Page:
What VCs Look for in a Startup Investment
As an experienced investor, I know what to look for in a startup investment to ensure a positive financial return.
Opinions expressed by Entrepreneur contributors are their own.
Entrepreneurship seems to be on the rise in recent years, apparently boosted by the Covid-19 pandemic. The New York Times reports that even though Americans were starting companies at a decreasing rate pre-pandemic, they launched 4.4 million businesses in 2020, a 24 percent annual increase compared to the year before.
What's more, innovative startups have more funding choices than ever. Many founders start with their own funds, followed by family and friends. After that, they're likely to rely on traditional or corporate venture capital to fund exponential growth. As an experienced corporate executive, entrepreneur and VC investor at Pegasus Tech Ventures, I've learned along the way what to look for in a startup investment to help ensure a positive financial return — important for investors of all kinds. Let's look at a few key factors that are important for investors to consider.
Strong management team
Perhaps most importantly, I look for a smart, creative management team to lead the startup organization. Ideally, this team consists of experienced managers and workers who cut their teeth at other successful organizations. They should have diverse perspectives, a proven factor in achieving superior financial returns. As an example, McKinsey & Company reports companies in the top quartile of gender diversity on their executive teams were 21 percent more likely to achieve above-average profitability. It's also critical that the management team gets along well and can push through difficult decisions and move the company forward.
Innovation and viable customer market
Competition is fierce in many markets, so I do my best to find startups with innovative ideas that result in distinctive products or services. Innovation is proven as critical for growth. The European Journal of Innovation Management reports that differences in growth can be explained by the different levels of innovativeness in new ventures. Take a look at how unique the startup's offerings are and whether the company can protect its innovation through patents or other means.
It's also important as an investor to understand the startup's core customer market segment and to comprehend its growth potential. Can the startup grow by expanding into additional customer segments or geographic markets? This will help you understand whether the startup's initial momentum is likely to extend into a long-term, sustainable company. Strive to understand not only who the potential customer is, but what they need and what they are willing to spend.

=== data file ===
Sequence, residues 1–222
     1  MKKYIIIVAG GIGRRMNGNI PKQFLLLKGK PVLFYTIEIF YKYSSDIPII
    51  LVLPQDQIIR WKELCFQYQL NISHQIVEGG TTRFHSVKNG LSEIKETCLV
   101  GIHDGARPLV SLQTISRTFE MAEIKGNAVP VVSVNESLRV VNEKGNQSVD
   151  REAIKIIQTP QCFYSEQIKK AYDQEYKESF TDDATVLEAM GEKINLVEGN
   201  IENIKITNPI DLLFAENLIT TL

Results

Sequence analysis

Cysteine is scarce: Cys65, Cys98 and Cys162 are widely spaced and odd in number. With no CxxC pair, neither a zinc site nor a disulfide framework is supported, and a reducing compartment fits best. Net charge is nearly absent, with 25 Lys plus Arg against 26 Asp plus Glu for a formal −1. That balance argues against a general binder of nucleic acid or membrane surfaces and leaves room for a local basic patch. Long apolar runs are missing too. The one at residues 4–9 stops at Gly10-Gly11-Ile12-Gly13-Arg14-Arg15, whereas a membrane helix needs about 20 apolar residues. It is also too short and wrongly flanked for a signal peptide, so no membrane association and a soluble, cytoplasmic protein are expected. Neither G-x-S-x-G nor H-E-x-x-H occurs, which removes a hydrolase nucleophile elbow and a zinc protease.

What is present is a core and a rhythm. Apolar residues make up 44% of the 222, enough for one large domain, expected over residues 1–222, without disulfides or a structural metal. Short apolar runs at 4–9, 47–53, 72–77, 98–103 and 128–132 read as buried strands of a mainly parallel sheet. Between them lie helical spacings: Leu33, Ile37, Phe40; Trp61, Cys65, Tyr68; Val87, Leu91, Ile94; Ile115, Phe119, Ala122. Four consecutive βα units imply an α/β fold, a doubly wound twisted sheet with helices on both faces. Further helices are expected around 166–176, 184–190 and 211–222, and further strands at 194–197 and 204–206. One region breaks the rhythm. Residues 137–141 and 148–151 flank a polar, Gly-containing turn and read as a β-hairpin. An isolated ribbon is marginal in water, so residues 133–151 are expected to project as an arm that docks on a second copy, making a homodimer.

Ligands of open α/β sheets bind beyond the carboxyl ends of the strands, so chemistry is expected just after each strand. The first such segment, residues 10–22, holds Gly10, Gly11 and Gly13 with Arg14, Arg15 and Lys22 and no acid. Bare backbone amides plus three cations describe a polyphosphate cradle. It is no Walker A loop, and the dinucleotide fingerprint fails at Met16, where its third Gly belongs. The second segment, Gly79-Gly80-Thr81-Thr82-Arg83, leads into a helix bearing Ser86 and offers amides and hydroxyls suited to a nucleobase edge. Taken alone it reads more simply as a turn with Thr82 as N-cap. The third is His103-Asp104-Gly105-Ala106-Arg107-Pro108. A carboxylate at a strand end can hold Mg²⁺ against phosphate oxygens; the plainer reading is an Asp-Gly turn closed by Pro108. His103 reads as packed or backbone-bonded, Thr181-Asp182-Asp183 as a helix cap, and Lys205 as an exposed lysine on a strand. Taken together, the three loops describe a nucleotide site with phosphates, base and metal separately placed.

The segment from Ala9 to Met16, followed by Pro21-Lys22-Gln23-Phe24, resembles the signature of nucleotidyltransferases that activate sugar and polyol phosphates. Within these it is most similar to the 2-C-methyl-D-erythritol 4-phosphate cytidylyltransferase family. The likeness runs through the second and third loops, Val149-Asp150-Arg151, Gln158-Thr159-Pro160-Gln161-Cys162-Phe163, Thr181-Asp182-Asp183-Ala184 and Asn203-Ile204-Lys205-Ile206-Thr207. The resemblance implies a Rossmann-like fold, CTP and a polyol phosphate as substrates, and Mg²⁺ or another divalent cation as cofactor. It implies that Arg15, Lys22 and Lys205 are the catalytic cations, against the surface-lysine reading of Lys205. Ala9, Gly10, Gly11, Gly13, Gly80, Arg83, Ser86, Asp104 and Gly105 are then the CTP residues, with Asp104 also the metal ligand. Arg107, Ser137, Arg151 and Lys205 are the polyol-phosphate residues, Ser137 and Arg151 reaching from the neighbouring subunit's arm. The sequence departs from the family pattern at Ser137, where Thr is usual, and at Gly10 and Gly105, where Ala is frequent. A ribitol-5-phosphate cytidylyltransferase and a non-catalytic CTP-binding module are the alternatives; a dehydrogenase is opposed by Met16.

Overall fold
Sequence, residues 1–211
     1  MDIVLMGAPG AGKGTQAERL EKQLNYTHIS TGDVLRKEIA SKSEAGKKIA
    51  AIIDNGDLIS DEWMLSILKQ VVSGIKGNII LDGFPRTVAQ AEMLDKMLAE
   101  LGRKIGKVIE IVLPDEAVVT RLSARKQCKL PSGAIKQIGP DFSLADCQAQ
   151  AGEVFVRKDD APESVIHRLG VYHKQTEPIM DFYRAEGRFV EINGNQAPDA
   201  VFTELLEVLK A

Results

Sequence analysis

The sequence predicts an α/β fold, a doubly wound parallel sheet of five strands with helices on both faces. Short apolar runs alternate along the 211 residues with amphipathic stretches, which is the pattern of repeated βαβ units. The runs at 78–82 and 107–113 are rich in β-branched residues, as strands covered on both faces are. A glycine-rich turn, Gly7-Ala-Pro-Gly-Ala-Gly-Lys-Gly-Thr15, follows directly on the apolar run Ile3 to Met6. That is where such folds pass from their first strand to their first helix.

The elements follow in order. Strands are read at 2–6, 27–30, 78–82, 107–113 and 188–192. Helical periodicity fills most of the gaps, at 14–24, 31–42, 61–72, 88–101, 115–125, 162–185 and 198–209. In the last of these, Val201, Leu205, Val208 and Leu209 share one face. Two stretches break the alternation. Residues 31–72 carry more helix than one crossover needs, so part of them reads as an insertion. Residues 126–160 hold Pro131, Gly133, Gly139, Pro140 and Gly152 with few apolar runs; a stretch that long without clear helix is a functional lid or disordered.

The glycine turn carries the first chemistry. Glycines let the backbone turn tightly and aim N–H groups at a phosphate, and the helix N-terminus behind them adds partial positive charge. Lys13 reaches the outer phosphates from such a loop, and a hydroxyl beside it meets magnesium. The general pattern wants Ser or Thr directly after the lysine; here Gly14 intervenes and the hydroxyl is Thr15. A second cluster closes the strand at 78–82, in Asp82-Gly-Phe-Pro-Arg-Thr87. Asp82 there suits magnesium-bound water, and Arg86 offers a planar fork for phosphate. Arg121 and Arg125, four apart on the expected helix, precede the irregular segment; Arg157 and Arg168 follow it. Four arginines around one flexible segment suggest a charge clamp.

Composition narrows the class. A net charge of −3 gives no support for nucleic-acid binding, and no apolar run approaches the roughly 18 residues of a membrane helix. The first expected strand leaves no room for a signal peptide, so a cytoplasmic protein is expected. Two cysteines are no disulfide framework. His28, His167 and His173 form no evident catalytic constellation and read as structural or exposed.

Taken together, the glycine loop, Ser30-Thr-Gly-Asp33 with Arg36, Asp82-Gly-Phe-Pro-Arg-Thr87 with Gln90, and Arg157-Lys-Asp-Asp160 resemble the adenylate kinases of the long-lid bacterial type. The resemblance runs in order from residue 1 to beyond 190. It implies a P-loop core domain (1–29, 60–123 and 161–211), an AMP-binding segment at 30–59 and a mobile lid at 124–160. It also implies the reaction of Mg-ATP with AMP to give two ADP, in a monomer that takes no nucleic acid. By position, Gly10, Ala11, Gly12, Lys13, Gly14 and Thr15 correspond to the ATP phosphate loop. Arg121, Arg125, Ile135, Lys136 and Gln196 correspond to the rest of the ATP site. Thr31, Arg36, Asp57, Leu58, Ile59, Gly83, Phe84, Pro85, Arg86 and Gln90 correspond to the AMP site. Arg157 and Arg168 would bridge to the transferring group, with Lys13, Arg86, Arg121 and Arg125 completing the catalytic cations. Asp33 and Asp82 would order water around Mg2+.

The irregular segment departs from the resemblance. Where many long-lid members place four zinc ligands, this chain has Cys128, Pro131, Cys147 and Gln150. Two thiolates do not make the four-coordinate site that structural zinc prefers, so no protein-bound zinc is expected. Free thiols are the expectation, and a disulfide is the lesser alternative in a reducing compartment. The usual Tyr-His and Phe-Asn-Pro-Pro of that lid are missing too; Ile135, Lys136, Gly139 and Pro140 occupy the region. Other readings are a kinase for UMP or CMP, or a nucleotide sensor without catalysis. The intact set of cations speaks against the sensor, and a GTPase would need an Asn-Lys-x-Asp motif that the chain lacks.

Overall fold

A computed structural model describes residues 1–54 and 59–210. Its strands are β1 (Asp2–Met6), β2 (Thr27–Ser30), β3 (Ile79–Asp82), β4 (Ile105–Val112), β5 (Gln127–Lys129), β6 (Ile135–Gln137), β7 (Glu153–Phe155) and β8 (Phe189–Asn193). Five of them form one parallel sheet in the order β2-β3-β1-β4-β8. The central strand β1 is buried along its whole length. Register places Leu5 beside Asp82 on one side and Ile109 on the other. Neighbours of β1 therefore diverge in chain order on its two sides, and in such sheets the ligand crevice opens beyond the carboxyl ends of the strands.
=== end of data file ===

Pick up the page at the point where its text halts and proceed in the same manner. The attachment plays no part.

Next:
Related: The Rise of Alternative Venture Capital
Even if the startup offers a unique product or service, I always try to understand how much revenue traction they have and whether their customers are loyal. This gives me an indication of how sustainable the business is, and whether it is likely to grow in the future. It's hard to overestimate the importance of customer satisfaction and the customer experience. According to Gartner, 81% of marketers say they expect to compete mostly or entirely on customer experience.
Ideally, I speak with some of the customers myself to understand why they like the product or service, and what they think of the company's brand. Do they show a willingness to buy more or pay a higher price? Do they purchase only once, or on a regular basis?
Related: Why Raising Corporate Venture Capital Benefits Startups
Solid fundraising and execution plan
I believe that any startup should think carefully about how much capital to raise and from whom. Raising more money sounds like a good idea, but it also means the startup will be under more pressure to succeed and give its investors a positive financial return. Just like in the world of financial planning, I recommend diversification. One investor gives you only one advisor to help you make decisions. It's better to rely on multiple investors — whether they are traditional VCs or corporate investors — since each of them has a unique perspective and network that the startup can leverage.
Even with a unique product or service offering and solid fundraising plan, don't forget about the importance of execution. This is how the startup's idea turns into a successful business. As previously mentioned, this is where experienced leadership comes into play. Make sure the startup has not only an experienced CEO, but also talented leaders in areas including finance, operations, marketing and HR to achieve positive results.
A formula for success
Examining startup investments is not for the faint of heart. Make sure to understand the background and enthusiasm of the founding management team, since any startup requires ambition and resilience. Be sure to do due diligence about the company's innovation and target customers. Understand if the startup raised the right amount of funding from the right type of investors, and if it has a solid execution plan to make the business idea turn into a financial success for founders and investors alike.
Related: Venture Capital Makes Steady Comeback in Wake of Pandemic Dip